Common bandsaw faults and how to fix them
Bandsaw machines are complicated pieces of machinery and often need fixing or servicing. To save you time and help you identify what might be wrong with your machine, we've collated the most common bandsaw issues into this handy guide.
My bandsaw machine won't start
This is a common problem, but one that can often be easily resolved.
Check the red stop switch (E-stop) – this must be pulled out.
Check guard switches and blade tension switches (if fitted).
Check wires have not been pulled from the machine or plug and socket.
Have you checked the phases are right way around (please ensure the electrics are isolated before doing so)
My bandsaw machine won't cut straight
If your machine isn't cutting straight it's important to make sure the problem isn't due to a blade issue or a problem with the materials.
It's important to check the following:
What is the condition of the bandsaw blade? If it's damaged in any way, this could be the issue.
Is the blade tensioned correctly? It's vital that you tension the blade to get the right resistance.
Is the blade the correct type and tooth pitch for the material you are cutting? If it isn't, then the blade and material will likely be damaged quickly.
If in doubt change the bandsaw blades or call our helpline 0800 521 292
Blade cutting speed
The speed of the blade (or rotational speed of the band wheels) is critical! Make sure you have the right speed by checking the machine handbook or phone our helpline 0800 521 292.
As a general guide cutting speeds are:
70 to 80m per minute for mild steel
30-40m per minute for stainless steel
90-120m per minute for aluminium
1500m per minute for wood.
If you need to use coolant make sure it is of a high qiuality and that it is changed when needed as it can be affected by bacteria. The coolant we would recommend is a semi-synthetic E.P soluble fluid which is suitable for most applications and can be purchased in our online shop.
Most manufacturers sell coolant with a dilution strength of 5-10% but we always recommend 10% or even as high as 15% for cutting high alloys / stainless steel.
Some machines are fitted with an air supplied micro-lubed system using special oils while some are vegetable based.
Vertical bandsaws are usually cut with no coolant, so in this case we recommend using a blade speed that is around 20% slower to reduce heat. We also recommend passing material through at a slower rate.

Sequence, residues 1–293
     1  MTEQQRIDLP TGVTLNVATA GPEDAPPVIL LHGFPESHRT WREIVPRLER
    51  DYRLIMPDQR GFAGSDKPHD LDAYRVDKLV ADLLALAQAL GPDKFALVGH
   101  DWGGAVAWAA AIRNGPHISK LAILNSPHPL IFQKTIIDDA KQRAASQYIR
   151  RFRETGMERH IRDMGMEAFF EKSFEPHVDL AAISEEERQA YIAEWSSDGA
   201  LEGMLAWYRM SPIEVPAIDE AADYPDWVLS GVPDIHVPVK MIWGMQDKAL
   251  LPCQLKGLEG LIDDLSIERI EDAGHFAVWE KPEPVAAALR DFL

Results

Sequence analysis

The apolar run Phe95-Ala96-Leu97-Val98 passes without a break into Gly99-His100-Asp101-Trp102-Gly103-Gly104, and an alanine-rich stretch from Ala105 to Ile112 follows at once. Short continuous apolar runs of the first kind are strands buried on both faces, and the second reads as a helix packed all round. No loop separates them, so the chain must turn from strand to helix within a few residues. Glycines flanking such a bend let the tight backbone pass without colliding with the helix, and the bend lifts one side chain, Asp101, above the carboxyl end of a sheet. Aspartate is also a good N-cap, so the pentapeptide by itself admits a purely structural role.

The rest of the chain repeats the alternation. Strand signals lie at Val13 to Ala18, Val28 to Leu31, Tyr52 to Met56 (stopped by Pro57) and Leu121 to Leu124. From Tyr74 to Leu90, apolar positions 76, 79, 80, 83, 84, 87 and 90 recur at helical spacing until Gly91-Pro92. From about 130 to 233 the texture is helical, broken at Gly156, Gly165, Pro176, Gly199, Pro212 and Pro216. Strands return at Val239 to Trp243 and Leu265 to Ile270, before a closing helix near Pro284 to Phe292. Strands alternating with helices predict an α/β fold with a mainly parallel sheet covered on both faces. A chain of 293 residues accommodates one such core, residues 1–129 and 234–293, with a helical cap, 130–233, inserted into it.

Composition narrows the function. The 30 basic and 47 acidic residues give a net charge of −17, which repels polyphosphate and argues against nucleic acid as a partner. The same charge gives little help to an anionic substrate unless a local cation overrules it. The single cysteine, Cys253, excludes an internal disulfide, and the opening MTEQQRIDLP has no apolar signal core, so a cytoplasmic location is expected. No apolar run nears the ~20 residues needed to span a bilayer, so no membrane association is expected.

Hydraulic oils and pump
It's best to refer to your manufacturer's handbook, but generally iso 32 or iso 46 is used. These oils will need changing if they are not clear or very dark. If the pump is noisy, it will probably mean it is worn out and needs changing.
Blade guides are essential for good straight cuts. Some machines use hard carbide inserts, although low-cost budget machines use bearings only. The best machines use a combination of bearing and carbide inserts, some of which are self-adjusting, or spring loaded to some degree. All guides are subject to wear and tear and need replacing periodically. Many guides can be adjusted along with the guide blocks which house them.
Many machines have a tension system to maintain the tension at a correct level. However, lower cost machines rely on guesswork. To overcome this, it is possible to purchase a tension gauge to measure how much the blade extends whilst fitting a new blade.
Generally, the small machines may require 15,000 – 20,000 PSI and larger performance machines can require over 30000 PSI.
Blade tracking on band wheels
Vertical bandsaw machines have been adjusted to run the blade on the part of the band wheels to suit the width of the blade fitted. This ensures it is running through the guides correctly.
Horizontal bandsaws often have adjustment (usually to the free running wheel) so the blade can run in the correct position while avoiding scrubbing of the flanges on the wheels.
If a bandsaw blade is coming off the wheels, the cause could be slack band wheel bearings. You can check if there is movement of the band wheel with the blade removed.
If the blade is coming off the wheels when cutting the material it is because the blade is jamming in the cut, which will cause it to peel off the band wheel. Slowing down the feed rate and using better tooth pitch selection will help improve performance.
Getting the support you need
Our team can service and repair your bandsaw machine in your location. We've also launched a virtual bandsaw repair service to help you maintain and repair your machines yourself. This virtual service support takes the form of online video tutorials. Designed to be as easy to follow as possible, our videos will help you to diagnose issues with your saw and put the problem right. If you need help or support with your machine, or if you’d like to find out more about our virtual support services and the products we offer, explore our site or get in touch with a member of our team.
Tagged as: Bandsaw Servicing
Share this post: